Imagine you are seven months pregnant with a 2 1/2-year-old in tow. You’re juggling a bag of toddler needs, your Bible, Bible study material and today’s bulletin. And you are trying to get to the preschool area on the church’s second floor.
Or imagine your wife is ill, and you decide to take your 3-month-old and 4-year-old to church with you to allow her to rest. How will you manage the two children, a diaper bag, a toddler bag, your Bible and church paraphernalia from one end of the building to the other?
As congregations target young families with the gospel, they must “keep mothers and fathers in mind,” St. Louis architect John Littlefield emphasized. He calls the nursery and preschool areas “the most important part” of the building when trying to attract families to worship services.
Nursery and preschool areas not only must be accessible. They also must be safe places for children.
“Years ago we didn’t give very much thought to safety…. We assumed churches were the safest places we could be,” noted Springfield architect Larry Phillips of Pellham Phillips Architects and Engineers. “But times have changed.”
Both architects agree that a preschool area should be located near the church’s narthex or sanctuary to allow parents to easily get children to and from the nursery. But the area also should have some safeguards to limit access to outsiders.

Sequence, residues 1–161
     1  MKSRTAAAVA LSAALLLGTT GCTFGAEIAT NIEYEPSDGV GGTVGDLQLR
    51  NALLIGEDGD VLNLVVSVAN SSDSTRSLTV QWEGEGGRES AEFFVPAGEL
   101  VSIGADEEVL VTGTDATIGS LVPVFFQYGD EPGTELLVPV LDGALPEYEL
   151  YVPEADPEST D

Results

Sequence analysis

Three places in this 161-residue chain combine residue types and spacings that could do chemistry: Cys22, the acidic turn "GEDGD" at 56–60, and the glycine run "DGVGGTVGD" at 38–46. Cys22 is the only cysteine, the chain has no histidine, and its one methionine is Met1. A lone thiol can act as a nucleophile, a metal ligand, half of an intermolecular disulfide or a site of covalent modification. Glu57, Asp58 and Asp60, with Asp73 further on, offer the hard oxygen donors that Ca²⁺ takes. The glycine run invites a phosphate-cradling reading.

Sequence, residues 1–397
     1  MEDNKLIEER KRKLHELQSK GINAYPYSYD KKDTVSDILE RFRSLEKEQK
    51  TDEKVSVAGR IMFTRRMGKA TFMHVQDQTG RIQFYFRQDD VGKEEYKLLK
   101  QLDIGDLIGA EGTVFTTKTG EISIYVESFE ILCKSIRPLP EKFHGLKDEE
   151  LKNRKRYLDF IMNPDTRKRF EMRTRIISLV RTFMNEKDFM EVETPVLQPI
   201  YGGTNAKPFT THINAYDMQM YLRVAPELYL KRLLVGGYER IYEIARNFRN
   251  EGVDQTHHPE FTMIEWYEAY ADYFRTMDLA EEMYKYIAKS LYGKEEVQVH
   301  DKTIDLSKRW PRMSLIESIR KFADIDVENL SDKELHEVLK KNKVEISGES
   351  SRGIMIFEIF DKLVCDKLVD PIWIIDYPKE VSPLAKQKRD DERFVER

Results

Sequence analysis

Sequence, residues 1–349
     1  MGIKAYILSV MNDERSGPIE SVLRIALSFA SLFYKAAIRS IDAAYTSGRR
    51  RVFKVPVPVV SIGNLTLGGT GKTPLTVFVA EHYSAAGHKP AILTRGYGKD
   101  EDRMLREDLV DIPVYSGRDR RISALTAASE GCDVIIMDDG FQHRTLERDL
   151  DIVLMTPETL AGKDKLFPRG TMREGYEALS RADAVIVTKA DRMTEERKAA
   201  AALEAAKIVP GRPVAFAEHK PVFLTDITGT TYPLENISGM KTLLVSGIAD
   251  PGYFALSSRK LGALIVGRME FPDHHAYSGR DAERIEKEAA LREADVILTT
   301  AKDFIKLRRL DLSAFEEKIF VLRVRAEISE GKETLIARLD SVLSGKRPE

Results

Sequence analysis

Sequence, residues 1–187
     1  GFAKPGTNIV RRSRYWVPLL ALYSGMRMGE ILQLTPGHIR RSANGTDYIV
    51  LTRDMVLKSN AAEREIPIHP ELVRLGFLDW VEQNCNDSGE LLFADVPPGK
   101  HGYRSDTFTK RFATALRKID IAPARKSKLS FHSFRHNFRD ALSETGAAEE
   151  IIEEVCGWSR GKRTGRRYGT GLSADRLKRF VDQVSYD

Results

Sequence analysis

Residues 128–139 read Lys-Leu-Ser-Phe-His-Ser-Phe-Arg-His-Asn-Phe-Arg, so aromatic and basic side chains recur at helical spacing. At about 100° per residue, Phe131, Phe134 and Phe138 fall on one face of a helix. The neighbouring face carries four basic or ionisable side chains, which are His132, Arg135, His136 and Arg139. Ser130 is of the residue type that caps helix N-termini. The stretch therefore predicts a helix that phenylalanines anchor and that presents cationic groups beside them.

Littlefield believes the preschool area should not be placed upstairs, nor should parents find it difficult to navigate from entrances to the nursery. “Don’t make it remote or inaccessible,” he said. “If you locate it close to the sanctuary, mothers and fathers feel better.”
A security checkpoint of some kind also should be in place, both architects added. Littlefield suggests using a Dutch door in the hallway or corridor leading to the preschool area. The door should be locked at the bottom, and a responsible leader should be on hand to accept and release children to the assigned parent or caregiver.
Pellham Phillips includes nursery/preschool security when designing church facilities. A good design should include a locked gate or other security checkpoint, Phillips said.
He added that some churches now use video monitoring and often provide a room from which concerned parents can view their children.
Some new building designs call for lots of glass, rather than solid interior walls, so that parents and guardians can see children from hallways, Phillips noted.
Pager systems remain a popular way for workers to maintain contact with parents during services, Littlefield added.
Both architects remind churches to provide back exits that can be opened from the inside, in case of fire or other emergency, but that cannot be accessed from the outside.
Read 5154 times Last modified on Friday, 15 August 2014
A pastor of a rural mid-Missouri church speaks of the spirit of family and cooperation that is a part of the local faith experience. This video is part of a series on rural churches by Columbia Faith & Values, produced in 2013.
How much influence has your faith been shaped by rural churches?